sample 7, page 462.9

This paragraph seems at first reading to contain the essence of 'method' (as C thinks of it):

In answer to the question

'what is the ground of the coincidence between reason and experience?' he re-states Plato's contention that

'the ground of this agreement is beyond reason' in 'a supersensual essence' - which, C infers, calls for a distinct science, which he calls METHOD,

'by which philosophy becomes scientific and the sciences philosophical'....

...Yes, this does indeed begin to tell me what C means by method and in doing so opens doors - as well as proposing religious fixity where I am happy to imagine only a constancy of unbounded change!

Yes, in these brief samplings, I'm getting the hang of it... They seem adequate to my grasping the essence and the extent of what C is proposing - in that inimitable extensiveness and inclusiveness of his writing.

But how to relate this to my very much more modest idea of method as a mnemonic, no more, for ways to change what exists so as to reflect the whole of itself - and not just the immediate circumstances of the changers?

Well, this little exercise has at least enabled me, in that last sentence, to redescribe designing in a sufficiently inclusive way to please mind and to please world. (with thanks to STC!)

I see that this could be the beginning of a huge theory of nearly everything - that I may never actually write. But at least it's a start.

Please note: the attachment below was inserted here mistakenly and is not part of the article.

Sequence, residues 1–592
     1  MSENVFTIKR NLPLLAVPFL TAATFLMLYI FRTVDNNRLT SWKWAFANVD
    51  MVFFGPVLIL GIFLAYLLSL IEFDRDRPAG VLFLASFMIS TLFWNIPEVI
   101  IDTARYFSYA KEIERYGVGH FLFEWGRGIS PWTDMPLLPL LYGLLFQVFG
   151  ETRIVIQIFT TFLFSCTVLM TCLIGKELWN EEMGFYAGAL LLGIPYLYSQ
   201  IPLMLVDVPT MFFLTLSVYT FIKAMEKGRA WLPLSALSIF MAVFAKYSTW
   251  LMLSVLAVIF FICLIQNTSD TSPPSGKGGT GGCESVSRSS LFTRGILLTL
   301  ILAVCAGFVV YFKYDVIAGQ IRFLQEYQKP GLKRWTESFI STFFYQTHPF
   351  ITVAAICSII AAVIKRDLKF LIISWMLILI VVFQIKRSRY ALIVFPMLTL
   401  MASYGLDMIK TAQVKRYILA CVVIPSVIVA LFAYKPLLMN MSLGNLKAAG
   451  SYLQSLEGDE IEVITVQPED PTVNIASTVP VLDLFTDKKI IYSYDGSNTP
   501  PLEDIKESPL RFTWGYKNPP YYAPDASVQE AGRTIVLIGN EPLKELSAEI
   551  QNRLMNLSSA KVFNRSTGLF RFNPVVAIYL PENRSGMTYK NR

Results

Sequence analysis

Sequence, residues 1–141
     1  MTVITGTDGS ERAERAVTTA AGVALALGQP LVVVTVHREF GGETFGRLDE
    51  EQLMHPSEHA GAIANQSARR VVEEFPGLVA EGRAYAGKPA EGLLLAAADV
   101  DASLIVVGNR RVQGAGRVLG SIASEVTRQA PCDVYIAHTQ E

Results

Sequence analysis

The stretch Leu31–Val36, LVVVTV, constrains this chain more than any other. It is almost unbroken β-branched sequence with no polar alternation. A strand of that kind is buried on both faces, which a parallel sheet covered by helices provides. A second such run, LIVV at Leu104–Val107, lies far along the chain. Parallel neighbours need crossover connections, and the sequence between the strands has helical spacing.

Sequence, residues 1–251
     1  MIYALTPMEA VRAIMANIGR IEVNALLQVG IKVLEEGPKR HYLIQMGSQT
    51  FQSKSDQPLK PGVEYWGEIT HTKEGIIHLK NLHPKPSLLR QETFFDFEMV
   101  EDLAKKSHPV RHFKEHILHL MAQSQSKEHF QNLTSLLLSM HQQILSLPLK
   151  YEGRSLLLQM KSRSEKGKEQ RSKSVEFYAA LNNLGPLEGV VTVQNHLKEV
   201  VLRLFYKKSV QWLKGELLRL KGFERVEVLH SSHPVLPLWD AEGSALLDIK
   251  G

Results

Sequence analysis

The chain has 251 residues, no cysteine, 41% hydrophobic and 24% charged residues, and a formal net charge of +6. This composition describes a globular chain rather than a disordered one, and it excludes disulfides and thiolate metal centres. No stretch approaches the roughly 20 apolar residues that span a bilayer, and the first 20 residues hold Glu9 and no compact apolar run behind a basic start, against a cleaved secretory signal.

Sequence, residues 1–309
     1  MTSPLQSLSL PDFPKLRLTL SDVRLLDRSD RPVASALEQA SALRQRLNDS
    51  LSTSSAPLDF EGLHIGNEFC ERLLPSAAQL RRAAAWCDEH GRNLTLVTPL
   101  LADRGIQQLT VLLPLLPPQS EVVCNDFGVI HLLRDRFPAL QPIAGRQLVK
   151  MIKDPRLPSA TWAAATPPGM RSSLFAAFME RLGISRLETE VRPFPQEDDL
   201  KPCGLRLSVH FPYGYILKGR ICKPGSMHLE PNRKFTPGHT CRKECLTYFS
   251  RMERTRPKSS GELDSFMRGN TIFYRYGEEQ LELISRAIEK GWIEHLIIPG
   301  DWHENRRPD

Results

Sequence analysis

Next day, 26 may:

My apologies for not including Coleridge's paragraphs - they are I think too long to reproduce here. But to give their flavour I decide to copy out a chance chosen part of one of them:

...but the chance process took me to sample 2, the poem by Wordsworth, so I choose instead to copy out some of what C wrote in the subsequent paragraph:

...In order therefore to (word missing?) the recognition of himself in nature man must first learn to comprehend nature in himself, and its laws in the ground of his existence. Then only can he reduce Phaenomena to Principles - then only will he have achieved the METHOD, the self-unravelling clue, which alone can securely guide him to the conquest of the former (by 'former' does he mean phenomena-and-principles as a unit?) - when he has discovered in the basis of their union the necessity for their differences; in the principle of their continuance the solution of their changes. It is the idea of the common centre, of the universal law, by which all power manifests itself in opposite yet in interdependent forces (here he quotes Zoroaster in Greek) that enlightening inquiry, multiple experiment, and at once inspiring humility and perseverance will lead him to comprehend gradually and progressively the relation of each to the other, of each to all, and of all to each.

As I contemplate these words, so obviously reflecting (if not fully articulating) a mind of vast coherence, I feel the presence of something divine in our existence as well as a most earthly and comprehensive understanding of the world. But as to METHOD - perhaps I'll have to read all 75 pages, both closely and repeatedly, if I am to grasp exactly what he means.

So what of my apparent disagreement with 'the principles of method', my perceiving of unnecessary fixity where I prefer to perceive and to rely on instability and chance? ... I suspect that if I study these essays more fully I will come closer to understanding and agreeing with what he wrote - but I am reminded of other notes re Coleridge that look beyond his perhaps divine philosophy to his sometimes demonic experience, and to his poems. I will write of this next.